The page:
A new technique plucks single cells from human embryos, generating stable embryonic stem cells lines while apparently leaving the embryo intact, scientists reported online Wednesday in Nature."We're able to for the first time show it's possible to create embryonic stem cells without harming the embryo's potential for life. Hopefully this will solve the most basic objection to stem cell research," coauthor Robert Lanza, of Advanced Cell Technology at Worcester, Mass., told The Scientist.Still, scientists cautioned the technique is still in its infancy, and only time will tell if it can benefit research. For instance, additional studies need to determine how similar or different the cells produced via this technique are to conventional human embryonic stem cell lines, said James Battey, chair of the National Institutes of Health stem cell task force, who did not participate in this study. "We don't know if it's easier or harder...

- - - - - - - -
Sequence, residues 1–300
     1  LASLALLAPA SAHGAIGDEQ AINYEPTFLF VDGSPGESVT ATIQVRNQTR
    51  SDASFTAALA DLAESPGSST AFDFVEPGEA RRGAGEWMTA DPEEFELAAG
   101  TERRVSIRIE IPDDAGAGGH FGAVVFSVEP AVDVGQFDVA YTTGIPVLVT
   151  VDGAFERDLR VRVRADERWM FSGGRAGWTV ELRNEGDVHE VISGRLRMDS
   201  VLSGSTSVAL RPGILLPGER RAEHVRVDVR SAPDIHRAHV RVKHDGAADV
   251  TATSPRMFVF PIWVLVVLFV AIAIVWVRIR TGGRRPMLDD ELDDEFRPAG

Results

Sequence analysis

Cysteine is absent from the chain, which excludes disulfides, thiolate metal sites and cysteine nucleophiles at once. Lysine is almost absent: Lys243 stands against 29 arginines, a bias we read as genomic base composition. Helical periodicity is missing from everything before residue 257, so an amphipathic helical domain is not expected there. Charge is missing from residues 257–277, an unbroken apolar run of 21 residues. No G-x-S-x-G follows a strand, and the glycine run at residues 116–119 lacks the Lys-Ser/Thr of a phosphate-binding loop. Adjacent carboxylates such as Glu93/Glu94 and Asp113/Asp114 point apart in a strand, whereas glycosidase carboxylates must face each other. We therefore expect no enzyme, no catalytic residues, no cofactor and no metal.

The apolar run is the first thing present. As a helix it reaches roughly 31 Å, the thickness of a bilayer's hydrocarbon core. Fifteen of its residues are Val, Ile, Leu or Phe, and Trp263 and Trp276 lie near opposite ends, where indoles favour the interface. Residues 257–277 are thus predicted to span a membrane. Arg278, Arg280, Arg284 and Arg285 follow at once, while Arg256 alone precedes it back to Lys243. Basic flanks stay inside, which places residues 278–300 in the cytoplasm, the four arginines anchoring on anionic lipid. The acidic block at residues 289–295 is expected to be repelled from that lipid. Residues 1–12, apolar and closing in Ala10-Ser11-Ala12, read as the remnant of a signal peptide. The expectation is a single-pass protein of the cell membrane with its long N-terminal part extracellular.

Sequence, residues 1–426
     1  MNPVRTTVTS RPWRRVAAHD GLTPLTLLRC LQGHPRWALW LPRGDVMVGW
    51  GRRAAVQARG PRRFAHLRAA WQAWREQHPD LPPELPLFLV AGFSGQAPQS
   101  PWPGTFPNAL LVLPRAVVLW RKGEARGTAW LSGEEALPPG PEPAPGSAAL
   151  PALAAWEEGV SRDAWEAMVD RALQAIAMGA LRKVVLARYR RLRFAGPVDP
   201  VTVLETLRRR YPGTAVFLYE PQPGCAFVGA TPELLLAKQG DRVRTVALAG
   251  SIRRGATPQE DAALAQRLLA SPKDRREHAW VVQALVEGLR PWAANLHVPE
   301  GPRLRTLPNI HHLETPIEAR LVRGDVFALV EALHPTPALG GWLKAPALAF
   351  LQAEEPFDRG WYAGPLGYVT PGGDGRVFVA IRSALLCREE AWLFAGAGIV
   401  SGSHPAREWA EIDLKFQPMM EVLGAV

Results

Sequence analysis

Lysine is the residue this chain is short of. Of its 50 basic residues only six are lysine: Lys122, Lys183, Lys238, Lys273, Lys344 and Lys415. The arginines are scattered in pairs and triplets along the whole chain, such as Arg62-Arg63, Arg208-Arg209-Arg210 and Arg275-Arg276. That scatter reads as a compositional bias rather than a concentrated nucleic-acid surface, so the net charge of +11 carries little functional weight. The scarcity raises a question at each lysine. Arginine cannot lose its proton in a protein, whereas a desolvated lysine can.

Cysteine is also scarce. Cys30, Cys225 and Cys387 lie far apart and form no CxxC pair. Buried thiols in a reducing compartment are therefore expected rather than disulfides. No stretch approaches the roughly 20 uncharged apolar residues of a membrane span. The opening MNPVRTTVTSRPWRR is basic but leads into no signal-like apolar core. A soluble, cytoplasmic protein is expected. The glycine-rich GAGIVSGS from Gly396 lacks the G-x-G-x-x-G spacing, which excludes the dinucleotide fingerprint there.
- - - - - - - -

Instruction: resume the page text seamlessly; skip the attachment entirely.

The Scientistprevious studyin vitroin vitroharm the embryoin vitroAlberto HayekThe Scientistsidestep issues of contaminationArnold KriegsteinMahendra Rao The Scientistcchoi@the-scientist.comNaturehttp://www.nature.comhttp://www.advancedcell.com/senior-executive-officers/#Robert%20Lanza,%20M.D.http://stemcells.nih.gov/policy/taskForce/tfMembers.aspNature,PM_ID: 16227970The Scientisthttp://www.the-scientist.com/article/display/22801/http://www.whittier.org/pages/lab_investigators.html#ChiThe Scientisthttp://www.the-scientist.com/article/display/15431/http://stemcell.medschool.ucsf.edu/Faculty/kriegstein_arnold.aspxThe Scientisthttp://www.the-scientist.com/news/display/23340/
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